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Anthropogenic Contaminants and Histopathological Findings in Stranded Cetaceans in the Southeastern United States, 2012–2018

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Abstract

Anthropogenic contaminants in the marine environment often biodegrade slowly,

bioaccumulate in organisms, and can have deleterious effects on wildlife immunity,

health, reproduction, and development. In this study, we evaluated tissue toxicant

concentrations and pathology data from 83 odontocetes that stranded in the

southeastern United States during 2012–2018. Mass spectrometry was used to

analyze blubber samples for five organic toxicants (atrazine, bisphenol-A, diethyl

phthalates, nonylphenol monoethoxylate [NPE], triclosan), and liver samples were

analyzed for five non-essential elements (arsenic, cadmium, lead, mercury, thallium),

six essential elements (cobalt, copper, manganese, iron, selenium, zinc) and one

toxicant mixture class (Aroclor1268). Resultant data considerably improve upon the

existing knowledge base regarding toxicant concentrations in stranded odontocetes.

Toxicant and element concentrations varied based on animal demographic factors

including species, sex, age, and location. Samples from bottlenose dolphins had

significantly higher average concentrations of lead, manganese, mercury, selenium,

thallium, and zinc, and lower average concentrations of NPE, arsenic, cadmium, cobalt,

and iron than samples from pygmy sperm whales. In adult female bottlenose dolphins,

average arsenic concentrations were significantly higher and iron concentrations were

significantly lower than in adult males. Adult bottlenose dolphins had significantly higher

average concentrations of lead, mercury, and selenium, and significantly lower average

manganese concentrations compared to juveniles. Dolphins that stranded in Florida had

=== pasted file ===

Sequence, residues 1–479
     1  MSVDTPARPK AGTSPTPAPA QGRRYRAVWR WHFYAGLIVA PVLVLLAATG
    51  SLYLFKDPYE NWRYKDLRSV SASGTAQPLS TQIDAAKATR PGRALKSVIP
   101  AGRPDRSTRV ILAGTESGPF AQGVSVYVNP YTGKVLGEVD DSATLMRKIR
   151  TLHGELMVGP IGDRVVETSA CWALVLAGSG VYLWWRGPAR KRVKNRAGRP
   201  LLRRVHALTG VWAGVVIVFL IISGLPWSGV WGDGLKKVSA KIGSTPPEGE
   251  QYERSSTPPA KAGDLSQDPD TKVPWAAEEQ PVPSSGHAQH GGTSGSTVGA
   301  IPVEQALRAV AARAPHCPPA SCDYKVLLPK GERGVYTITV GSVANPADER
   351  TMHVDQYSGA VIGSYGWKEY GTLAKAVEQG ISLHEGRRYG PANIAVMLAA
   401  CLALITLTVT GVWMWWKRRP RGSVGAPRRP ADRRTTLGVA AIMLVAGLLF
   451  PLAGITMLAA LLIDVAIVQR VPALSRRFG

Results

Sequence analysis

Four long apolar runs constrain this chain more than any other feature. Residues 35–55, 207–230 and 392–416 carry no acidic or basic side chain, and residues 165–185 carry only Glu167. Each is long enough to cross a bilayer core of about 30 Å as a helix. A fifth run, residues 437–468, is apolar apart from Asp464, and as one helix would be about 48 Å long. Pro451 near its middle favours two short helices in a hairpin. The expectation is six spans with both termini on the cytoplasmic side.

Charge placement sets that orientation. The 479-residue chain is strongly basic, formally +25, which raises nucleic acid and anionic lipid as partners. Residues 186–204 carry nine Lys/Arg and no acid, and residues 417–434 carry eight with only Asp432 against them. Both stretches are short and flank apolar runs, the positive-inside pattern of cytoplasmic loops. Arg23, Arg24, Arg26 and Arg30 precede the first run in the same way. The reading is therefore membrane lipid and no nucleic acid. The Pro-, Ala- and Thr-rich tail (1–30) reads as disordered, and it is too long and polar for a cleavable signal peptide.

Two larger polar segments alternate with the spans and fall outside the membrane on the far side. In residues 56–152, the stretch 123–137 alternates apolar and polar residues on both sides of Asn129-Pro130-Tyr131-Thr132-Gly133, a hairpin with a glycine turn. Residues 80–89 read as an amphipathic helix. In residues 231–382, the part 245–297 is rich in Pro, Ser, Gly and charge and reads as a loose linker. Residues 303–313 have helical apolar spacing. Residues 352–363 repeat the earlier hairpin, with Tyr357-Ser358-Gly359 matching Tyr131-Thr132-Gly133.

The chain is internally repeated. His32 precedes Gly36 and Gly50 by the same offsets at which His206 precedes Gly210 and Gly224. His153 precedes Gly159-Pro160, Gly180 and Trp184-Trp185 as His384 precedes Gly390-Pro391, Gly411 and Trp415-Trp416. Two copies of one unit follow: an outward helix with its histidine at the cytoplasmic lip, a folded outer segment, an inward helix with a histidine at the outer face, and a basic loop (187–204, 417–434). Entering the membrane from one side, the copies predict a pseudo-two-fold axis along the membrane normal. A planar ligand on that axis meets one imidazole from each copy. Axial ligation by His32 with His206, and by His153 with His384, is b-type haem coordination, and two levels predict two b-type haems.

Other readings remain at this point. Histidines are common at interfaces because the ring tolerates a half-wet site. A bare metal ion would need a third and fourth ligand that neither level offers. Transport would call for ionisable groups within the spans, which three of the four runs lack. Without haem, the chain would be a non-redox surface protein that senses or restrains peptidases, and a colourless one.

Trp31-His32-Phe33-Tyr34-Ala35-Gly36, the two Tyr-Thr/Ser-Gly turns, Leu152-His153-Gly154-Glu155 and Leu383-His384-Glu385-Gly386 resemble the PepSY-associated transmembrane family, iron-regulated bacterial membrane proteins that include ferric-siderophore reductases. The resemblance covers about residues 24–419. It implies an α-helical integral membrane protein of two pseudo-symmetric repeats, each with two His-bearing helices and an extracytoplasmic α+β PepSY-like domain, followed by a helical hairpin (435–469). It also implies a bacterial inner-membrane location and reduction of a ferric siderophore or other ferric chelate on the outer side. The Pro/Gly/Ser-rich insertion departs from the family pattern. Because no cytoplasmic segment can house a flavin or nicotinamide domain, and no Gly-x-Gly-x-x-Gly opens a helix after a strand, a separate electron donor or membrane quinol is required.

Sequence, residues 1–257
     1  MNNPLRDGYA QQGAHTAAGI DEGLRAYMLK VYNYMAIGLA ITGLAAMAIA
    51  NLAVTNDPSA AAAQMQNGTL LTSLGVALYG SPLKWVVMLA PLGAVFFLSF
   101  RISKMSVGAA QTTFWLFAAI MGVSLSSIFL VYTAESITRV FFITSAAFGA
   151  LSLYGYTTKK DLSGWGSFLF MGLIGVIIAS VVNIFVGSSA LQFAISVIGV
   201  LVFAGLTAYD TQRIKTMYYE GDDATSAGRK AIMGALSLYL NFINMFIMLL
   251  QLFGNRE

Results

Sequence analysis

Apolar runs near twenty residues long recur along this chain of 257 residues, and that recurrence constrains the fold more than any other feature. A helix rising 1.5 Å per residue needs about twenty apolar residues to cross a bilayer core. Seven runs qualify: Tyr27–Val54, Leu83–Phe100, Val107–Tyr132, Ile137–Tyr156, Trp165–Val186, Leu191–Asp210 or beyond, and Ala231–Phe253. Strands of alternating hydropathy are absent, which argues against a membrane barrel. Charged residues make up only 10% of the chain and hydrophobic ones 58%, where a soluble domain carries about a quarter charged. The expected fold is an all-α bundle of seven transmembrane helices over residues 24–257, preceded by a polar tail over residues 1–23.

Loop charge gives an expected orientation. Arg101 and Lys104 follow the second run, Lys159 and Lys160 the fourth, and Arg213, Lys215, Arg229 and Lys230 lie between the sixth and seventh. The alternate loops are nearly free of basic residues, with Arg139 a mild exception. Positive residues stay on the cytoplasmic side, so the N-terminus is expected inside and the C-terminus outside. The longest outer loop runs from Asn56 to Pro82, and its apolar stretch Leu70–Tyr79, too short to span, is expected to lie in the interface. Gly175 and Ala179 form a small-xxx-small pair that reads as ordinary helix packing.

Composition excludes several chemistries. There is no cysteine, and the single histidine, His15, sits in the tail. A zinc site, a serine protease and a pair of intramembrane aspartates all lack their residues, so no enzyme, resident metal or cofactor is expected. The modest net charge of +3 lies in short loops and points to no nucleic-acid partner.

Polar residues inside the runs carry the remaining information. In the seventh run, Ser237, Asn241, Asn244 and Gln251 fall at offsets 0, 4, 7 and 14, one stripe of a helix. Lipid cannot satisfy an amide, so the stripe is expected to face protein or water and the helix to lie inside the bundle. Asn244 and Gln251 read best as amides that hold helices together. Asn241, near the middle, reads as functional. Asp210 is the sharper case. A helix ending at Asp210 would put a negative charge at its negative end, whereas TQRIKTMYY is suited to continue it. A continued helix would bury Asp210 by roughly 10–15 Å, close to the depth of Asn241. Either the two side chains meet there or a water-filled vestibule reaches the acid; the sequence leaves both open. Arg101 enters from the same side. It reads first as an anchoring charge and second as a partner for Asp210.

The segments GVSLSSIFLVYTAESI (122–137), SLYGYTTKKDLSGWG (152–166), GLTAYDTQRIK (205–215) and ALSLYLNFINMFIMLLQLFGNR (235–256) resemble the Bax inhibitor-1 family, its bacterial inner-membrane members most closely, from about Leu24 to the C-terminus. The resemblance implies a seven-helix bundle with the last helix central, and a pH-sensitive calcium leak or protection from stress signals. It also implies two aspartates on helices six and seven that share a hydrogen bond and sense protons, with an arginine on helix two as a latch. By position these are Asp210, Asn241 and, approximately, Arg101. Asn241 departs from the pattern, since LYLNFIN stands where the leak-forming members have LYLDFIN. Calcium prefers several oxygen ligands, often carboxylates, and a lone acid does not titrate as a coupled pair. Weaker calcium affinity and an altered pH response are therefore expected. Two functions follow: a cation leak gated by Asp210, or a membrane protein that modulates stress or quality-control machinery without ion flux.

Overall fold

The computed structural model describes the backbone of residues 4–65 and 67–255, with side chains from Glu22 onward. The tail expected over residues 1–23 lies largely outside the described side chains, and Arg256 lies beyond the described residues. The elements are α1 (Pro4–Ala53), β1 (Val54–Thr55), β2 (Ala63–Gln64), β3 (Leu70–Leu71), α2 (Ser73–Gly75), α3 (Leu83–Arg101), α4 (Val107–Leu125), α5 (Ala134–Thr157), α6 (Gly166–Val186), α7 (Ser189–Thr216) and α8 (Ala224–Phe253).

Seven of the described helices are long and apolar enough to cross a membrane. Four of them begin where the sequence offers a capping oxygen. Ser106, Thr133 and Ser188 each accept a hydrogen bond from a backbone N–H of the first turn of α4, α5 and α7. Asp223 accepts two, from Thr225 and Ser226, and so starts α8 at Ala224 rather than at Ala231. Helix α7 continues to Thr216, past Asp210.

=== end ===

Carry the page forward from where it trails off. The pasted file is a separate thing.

significantly higher average concentrations of lead, mercury, and selenium, and lower

concentrations of iron than dolphins that stranded in North Carolina. Histopathological

data are presented for 72 animals, including microscopic evidence of Campula spp.

and Sarcocystis spp. infections, and results of Morbillivirus and Brucella spp. molecular

diagnostic testing. Sublethal cellular changes related to toxicant exposure in free-ranging

odontocetes may lead to health declines and, in combination with other factors, may

contribute to stranding.

Keywords: dolphins, endocrine disrupting

 

About the author

Dr. Howard Dryden

Dr. Howard Dryden

Dr. Dryden has unique knowledge combination of biology, chemistry and technology and is the inventor of the activated, bio-resistant filter media AFM®. Dr. Dryden is one of the world`s leading experts in sustainable water treatment.

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Life on earth depends upon healthy Oceans, we have 10 years to stop toxic chemical pollution, or life on earth may become impossible

Dr. Howard Dryden, CSO

Goes Foundation

Roslin Innovation Centre
The University of Edinburgh
Easter Bush Campus
Midlothian EH25 9RG

Email. howard@goesfoundation.com